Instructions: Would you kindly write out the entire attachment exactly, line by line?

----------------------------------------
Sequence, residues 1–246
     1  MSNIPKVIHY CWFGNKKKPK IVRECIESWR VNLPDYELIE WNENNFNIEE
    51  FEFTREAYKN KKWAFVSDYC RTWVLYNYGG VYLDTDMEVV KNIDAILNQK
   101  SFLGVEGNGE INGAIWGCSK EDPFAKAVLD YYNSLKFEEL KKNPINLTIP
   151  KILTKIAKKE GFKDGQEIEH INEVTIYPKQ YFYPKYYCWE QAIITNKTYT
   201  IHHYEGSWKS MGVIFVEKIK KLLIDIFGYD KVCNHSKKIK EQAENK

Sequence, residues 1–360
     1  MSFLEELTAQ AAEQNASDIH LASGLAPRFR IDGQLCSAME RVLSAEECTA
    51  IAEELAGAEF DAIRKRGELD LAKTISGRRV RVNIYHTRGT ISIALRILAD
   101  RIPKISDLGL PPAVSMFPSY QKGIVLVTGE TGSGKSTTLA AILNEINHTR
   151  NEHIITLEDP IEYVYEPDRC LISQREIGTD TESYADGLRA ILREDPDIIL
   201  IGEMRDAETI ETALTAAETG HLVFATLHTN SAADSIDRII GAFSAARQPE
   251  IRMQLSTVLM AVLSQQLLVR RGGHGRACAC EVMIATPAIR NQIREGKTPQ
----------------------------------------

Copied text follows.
Sequence, residues 1–246
     1  MSNIPKVIHY CWFGNKKKPK IVRECIESWR VNLPDYELIE WNENNFNIEE
    51  FEFTREAYKN KKWAFVSDYC RTWVLYNYGG VYLDTDMEVV KNIDAILNQK
   101  SFLGVEGNGE INGAIWGCSK EDPFAKAVLD YYNSLKFEEL KKNPINLTIP
   151  KILTKIAKKE GFKDGQEIEH INEVTIYPKQ YFYPKYYCWE QAIITNKTYT
   201  IHHYEGSWKS MGVIFVEKIK KLLIDIFGYD KVCNHSKKIK EQAENK

Sequence, residues 1–360
     1  MSFLEELTAQ AAEQNASDIH LASGLAPRFR IDGQLCSAME RVLSAEECTA
    51  IAEELAGAEF DAIRKRGELD LAKTISGRRV RVNIYHTRGT ISIALRILAD
   101  RIPKISDLGL PPAVSMFPSY QKGIVLVTGE TGSGKSTTLA AILNEINHTR
   151  NEHIITLEDP IEYVYEPDRC LISQREIGTD TESYADGLRA ILREDPDIIL
   201  IGEMRDAETI ETALTAAETG HLVFATLHTN SAADSIDRII GAFSAARQPE
   251  IRMQLSTVLM AVLSQQLLVR RGGHGRACAC EVMIATPAIR NQIREGKTPQ